Thursday, September 19, 2013

For the past week, everyone has been looking forward--or, rather, upward--to the early evening sky, as tonight was supposedly the best and clearest night of the year for o-tsukimi, moon-viewing. I've been in Japan for long enough that a lot of the things a normal foreigner might blog about have already become commonplace for me; but I still love its seasonal traditions, and now I'm happy to find that even the youngest kids are encouraged to enjoy them. Having learned about it from her kindergarden teachers, R was the one who reminded me to watch for this week's full moon, and it was she who pointed out the shimmery white susuki growing in a neighbor's garden that would be used as ornamentation during this quiet little nocturnal celebration.

Mochi shaped into small, powdery moons are traditionally eaten on this night, but we were a little late arriving at the mochi shop after school, so everything was sold out. We settled for a couple of daifuku, instead. 

Unfortunately, the big, champagne-colored moon decided to start rising right in the middle of dinner and a little too close to S's bedtime. R was too excited about the daifuku to concentrate on her udon. S was getting enraged by something at dinner and then somehow managed to shove an entire spear of broccoli into his mouth, which he proceeded to gag silently on. I waited a few seconds to see if he'd figure out how to pull the thing out but like an old lady who suddenly couldn't remember which pedal was the break and which the accelerator, he seemed to keep shoving the darn stalk deeper and deeper into his mouth. I quickly pulled it out and tried to present a calm demeanor, while my poor baby's eyes watered and his face bloomed red. By the time we'd sorted ourselves out, I turned to the window and found the damn moon high up in the sky and, while yeah, it was pretty and clear, it was also rather small. Poor R had ended up sitting by herself--again--nibbling on daifuku and watching the moon alone. 

Although he was doing the back-arching "I'm tired" thing, I hefted S up in one arm and dragged a stool out onto the balcony. R pouted a bit because she wanted us to eat mochi together, but I was too full from dinner and plum out of free hands. I sat down with S, and then R asked to sit on my lap as well. With my four-year-old on one thigh and the baby on the other, I cuddled us together and squinted through the bars of my balcony at the cold, milk-white moon above. R began to giggle and when she waggled her daifuku in front of S and then snatched it away when he made a grab for it, he began to giggle as well. Finally, I allowed myself to relax and enjoy my two babies at the same time, something not usually possible. These two kids--they seem to need my full attention, both of them, all the time. S demands to be held so often that I'm actually worried about his physical development, since he spends almost zero time on the floor--"screw tummy time" is his opinion on the matter. R has really been trying hard, trying to be understanding, trying to accept my divided self. I make sure, after S is in his crib for the night, that she and I have our special time together, just the two of us.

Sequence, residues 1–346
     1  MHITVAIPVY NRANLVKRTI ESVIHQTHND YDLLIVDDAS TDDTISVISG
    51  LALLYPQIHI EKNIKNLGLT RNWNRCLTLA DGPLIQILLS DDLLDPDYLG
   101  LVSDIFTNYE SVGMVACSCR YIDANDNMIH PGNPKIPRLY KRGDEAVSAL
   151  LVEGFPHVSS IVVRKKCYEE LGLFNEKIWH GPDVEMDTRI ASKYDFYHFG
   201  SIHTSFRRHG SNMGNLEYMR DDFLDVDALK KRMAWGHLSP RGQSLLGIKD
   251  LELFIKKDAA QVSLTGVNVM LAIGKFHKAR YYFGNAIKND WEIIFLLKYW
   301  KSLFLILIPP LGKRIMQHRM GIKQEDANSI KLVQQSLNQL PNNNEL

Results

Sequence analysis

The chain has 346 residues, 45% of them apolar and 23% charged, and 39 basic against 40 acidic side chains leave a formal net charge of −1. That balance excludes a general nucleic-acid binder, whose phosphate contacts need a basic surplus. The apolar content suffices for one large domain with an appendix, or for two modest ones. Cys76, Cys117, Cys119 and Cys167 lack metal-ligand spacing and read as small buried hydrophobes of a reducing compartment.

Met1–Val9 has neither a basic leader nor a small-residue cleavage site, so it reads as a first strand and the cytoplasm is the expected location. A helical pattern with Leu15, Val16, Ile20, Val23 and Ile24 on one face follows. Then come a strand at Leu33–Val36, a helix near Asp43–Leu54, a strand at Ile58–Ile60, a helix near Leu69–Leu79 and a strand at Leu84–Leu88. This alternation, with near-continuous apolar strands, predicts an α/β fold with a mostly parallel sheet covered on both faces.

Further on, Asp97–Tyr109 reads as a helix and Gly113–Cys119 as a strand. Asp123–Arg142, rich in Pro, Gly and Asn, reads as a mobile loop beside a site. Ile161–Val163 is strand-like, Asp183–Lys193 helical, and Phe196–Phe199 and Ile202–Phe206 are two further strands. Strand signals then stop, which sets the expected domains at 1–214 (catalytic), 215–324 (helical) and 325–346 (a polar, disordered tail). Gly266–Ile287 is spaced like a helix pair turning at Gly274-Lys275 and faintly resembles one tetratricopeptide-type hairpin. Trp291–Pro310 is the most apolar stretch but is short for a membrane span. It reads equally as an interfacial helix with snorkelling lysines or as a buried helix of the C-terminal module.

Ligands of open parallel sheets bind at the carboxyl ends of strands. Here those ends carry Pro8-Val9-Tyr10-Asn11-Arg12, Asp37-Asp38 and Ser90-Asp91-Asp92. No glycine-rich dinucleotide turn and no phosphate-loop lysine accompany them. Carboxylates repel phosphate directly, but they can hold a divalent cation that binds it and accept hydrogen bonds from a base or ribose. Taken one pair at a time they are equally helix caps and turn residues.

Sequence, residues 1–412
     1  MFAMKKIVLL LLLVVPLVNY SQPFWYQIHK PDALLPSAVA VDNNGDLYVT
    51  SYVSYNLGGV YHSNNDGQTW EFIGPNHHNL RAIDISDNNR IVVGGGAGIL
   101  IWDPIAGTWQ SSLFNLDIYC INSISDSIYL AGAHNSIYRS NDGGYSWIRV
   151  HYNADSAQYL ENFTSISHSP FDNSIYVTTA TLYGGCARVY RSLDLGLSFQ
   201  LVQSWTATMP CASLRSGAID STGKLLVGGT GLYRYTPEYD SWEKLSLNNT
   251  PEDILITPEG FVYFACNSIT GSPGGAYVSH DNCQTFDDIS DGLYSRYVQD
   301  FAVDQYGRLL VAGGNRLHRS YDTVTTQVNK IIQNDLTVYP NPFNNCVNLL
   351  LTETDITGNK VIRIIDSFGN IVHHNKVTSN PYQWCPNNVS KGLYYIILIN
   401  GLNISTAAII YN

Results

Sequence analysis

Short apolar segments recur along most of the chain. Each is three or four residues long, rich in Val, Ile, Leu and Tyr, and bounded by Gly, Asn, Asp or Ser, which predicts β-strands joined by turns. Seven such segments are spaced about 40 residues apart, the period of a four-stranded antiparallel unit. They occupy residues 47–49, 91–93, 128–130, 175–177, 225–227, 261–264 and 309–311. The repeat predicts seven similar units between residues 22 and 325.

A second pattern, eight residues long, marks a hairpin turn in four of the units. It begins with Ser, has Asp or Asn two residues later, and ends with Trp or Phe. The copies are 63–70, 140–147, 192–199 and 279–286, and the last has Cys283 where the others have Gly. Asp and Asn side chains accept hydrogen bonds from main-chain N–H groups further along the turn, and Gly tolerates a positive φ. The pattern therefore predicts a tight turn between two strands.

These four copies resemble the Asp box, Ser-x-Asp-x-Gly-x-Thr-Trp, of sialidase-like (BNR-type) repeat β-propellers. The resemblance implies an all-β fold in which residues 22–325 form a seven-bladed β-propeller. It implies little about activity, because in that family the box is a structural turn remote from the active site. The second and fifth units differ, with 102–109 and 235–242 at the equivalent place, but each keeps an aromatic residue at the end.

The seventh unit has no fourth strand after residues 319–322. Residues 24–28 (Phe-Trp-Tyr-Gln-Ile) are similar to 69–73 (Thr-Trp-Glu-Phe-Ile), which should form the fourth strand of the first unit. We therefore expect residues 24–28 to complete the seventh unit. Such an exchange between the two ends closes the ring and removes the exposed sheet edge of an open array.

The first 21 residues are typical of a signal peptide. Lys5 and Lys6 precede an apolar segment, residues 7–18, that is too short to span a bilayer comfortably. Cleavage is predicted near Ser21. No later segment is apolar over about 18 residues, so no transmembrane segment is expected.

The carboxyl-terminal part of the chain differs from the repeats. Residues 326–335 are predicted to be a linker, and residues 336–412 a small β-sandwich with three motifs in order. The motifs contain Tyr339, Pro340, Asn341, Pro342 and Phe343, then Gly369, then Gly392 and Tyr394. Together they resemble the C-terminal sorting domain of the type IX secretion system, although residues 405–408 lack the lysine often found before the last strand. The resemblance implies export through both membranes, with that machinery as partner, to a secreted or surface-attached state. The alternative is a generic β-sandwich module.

But this beautiful, soft evening, for just one brief moment, we all laughed together and enjoyed ourselves as a family. Of course the moment ended after about a minute, when R began complaining that S's diaper was stinky and S began arching farther and farther backward over my arm, trying to go who-knows-where. I eventually had to jostle R off my leg when she refused to budge, turned on the audio book for her, and got S ready for bed, while R played outside in the living room by herself again.